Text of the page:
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A Walk on the Wild Side

After last week when we had fun with jungle, I thought that for this week’s Charlie Don’t Surf playtest I’d try to knock up some clumps of dense bamboo.  I’d been reading some US Army AARs and the thing that jumped out was the way that the terrain could be broken up by dense clumps of this stuff, especially in and around hamlets.  I was impressed with the use of astro-turf matting for ground cover, but I wanted something that looked a bit sexier on the table for my bamboo, and I had a few ideas that I wanted to try out. a
First catch your hare, as they say, so here’s the list of stuff I assembled for this relatively quick project.
1.  A broom head with coarse natural fibre bristles.
2.  Some MDF, ideally 2mm, but 3mm will do.
3.  A hot glue gun
4.  Basing material
5.  Gardening secateurs
6.  Scissors
After my fish tank jungle  success my first stop should have risked another visit to the local branch of Wilkos for the broom head but, in a pathetic attempt to avoid a trip to the dark side, I made the mistake of going to an out of town DIY superstore first and all they had was a scrubbing brush for £3.50.  I bought this, but realised pretty quickly that this would not cover much area, so I went to Wilkinsons and got the larger broom head in picture 1 for less than two quid.  Fortunately it’s the wife’s birthday in a couple of months so the scrubbing brush won’t be wasted!
Cutting the bases to the right size is the first task.  As this was a first outing I thought that I’d put together some small clumps to test the ideas out, so I marked up the right sizes I wanted and then cut them out with a jig-saw before sanding down the edges.  I went for uneven shapes as I felt that this looked best.  Were I to be covering large areas I’d cut the bases out in shapes that inter-connected so as to allow them to be used in one mass or slightly apart to create paths between them.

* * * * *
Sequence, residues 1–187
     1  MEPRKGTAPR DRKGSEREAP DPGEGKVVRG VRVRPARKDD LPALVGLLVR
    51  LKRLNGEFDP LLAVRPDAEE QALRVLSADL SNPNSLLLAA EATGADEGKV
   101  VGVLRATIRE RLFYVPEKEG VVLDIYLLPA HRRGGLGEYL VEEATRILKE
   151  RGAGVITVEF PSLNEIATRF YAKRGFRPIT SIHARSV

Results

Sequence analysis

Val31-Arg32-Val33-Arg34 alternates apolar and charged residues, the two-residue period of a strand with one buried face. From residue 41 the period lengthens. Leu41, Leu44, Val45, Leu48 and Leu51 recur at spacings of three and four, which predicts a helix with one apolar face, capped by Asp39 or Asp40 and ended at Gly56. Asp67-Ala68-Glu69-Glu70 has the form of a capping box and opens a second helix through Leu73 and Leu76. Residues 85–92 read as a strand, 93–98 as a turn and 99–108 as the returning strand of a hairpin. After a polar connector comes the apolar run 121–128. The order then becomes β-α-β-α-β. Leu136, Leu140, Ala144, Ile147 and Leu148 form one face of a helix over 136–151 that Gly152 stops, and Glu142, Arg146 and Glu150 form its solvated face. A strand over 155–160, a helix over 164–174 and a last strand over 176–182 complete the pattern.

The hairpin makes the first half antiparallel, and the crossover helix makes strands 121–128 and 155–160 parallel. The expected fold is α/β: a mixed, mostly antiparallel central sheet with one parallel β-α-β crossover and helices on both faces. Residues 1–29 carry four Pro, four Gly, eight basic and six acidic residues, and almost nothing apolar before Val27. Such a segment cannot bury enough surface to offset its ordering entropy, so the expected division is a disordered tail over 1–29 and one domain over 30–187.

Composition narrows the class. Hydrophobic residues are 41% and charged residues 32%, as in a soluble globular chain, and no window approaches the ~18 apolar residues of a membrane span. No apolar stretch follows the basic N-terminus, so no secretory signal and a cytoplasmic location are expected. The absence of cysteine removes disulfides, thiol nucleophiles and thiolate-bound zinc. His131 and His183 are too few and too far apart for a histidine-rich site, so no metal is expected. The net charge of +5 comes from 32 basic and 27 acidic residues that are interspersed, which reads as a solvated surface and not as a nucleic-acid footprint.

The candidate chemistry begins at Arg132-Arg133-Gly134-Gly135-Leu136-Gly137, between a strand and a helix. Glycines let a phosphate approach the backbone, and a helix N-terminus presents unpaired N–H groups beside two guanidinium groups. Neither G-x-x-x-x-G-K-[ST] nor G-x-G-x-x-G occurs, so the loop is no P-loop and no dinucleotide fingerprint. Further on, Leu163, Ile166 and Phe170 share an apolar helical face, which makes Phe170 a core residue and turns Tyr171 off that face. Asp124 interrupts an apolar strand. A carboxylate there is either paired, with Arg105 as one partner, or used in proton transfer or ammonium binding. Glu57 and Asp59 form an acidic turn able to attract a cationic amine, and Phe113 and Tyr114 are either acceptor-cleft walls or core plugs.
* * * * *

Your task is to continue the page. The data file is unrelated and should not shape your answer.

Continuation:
My initial plan was then to snip clumps of broom fibre with my scissors and then stick them in hot glue on the bases, however in the end the garden secateurs were needed as the fibre is VERY tough indeed.  With a number of bases on the go I could put a half inch blob of glue on one base, stick in the clump and the hold that in place for about thirty seconds before moving on to the next base.  I just then rotated through the bases adding a bit at a time until they were full.  Throughout this stage you look at the semi-complete bases and consider hurling them into the bin, as they look absolutely rubbish and the process is extremely tedious, but do stick with it.
Once your bases are covered with broom fibre you’ll need the scissors to trim things up.  Rdemember that these things will grow relatively irregularly in the wild, so no ornate topiary here, but this does make things look a bit better.
My next stage was painting.  This was very hit and miss.  The basic fibre is a dark brown, so I went with a khaki dry-brush first, but that looked a bit dull, so I went with a Yellow green colour that also failed to really do it for me.  In the end I added a fair bit of yellow to this, brushed that over then added lots of white and highlighted the top.  Once this was dry I gave the bottom half of the bamboo stalks a wash with a light green.  In the end this rather anarchic attempt to find the right colour left me with a quite irregular look that I was quite please with.
fAfter this the final stage is to add your choice of basing material, and you are done.  I think that the completed article looks pretty good.  However I’ll add a caveat here.  I would not use this method for large area, it is too slow.  For clumps to scatter across your game table it is ideal.
This method would also be ideal for the cane breaks that we came across in our AWI supplement, This Land Divided, or for general scrub in 28mm games.
Total time taken for the half a dozen pieces that are shown here was less than one hour.


3 thoughts on “A Walk on the Wild Side”

  1. The usual colors for bamboos in SE Asia in the wild are a yellow – dull canary sort of – with green along the lines which divide the segments of the trunks. The leaves range from a brighter yellow than the trunk to a medium green. Have some growing in my garden here in Texas; can email photos if you like. *smile*

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